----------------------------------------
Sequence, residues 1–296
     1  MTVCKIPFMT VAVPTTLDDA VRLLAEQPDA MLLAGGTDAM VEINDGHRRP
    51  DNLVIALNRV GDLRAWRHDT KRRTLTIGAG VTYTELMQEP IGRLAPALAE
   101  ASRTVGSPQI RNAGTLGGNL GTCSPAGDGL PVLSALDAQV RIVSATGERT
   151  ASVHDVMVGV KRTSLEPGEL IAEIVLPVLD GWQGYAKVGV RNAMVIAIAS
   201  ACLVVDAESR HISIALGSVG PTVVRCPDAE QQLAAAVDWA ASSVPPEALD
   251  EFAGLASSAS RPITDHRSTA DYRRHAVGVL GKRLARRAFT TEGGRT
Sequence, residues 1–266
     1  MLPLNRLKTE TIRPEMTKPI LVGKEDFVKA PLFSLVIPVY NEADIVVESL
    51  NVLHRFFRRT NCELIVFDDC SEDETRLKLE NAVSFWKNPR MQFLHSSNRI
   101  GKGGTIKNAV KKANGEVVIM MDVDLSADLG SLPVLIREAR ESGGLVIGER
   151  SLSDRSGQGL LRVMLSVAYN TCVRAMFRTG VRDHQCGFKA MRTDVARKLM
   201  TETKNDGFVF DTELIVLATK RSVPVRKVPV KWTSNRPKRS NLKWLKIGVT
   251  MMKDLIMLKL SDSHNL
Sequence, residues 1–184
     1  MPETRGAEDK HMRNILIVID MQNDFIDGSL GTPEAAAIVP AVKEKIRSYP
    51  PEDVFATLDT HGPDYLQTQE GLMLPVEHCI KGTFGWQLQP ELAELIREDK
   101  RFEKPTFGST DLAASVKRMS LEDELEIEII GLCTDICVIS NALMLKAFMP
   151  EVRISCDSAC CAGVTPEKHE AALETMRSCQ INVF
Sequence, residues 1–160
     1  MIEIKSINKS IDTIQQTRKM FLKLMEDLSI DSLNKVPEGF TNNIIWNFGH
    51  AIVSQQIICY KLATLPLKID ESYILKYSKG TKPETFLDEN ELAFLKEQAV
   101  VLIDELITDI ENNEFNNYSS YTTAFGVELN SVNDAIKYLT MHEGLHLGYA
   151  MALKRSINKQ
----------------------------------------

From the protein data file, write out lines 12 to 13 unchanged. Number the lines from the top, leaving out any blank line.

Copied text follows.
   151  SLSDRSGQGL LRVMLSVAYN TCVRAMFRTG VRDHQCGFKA MRTDVARKLM
   201  TETKNDGFVF DTELIVLATK RSVPVRKVPV KWTSNRPKRS NLKWLKIGVT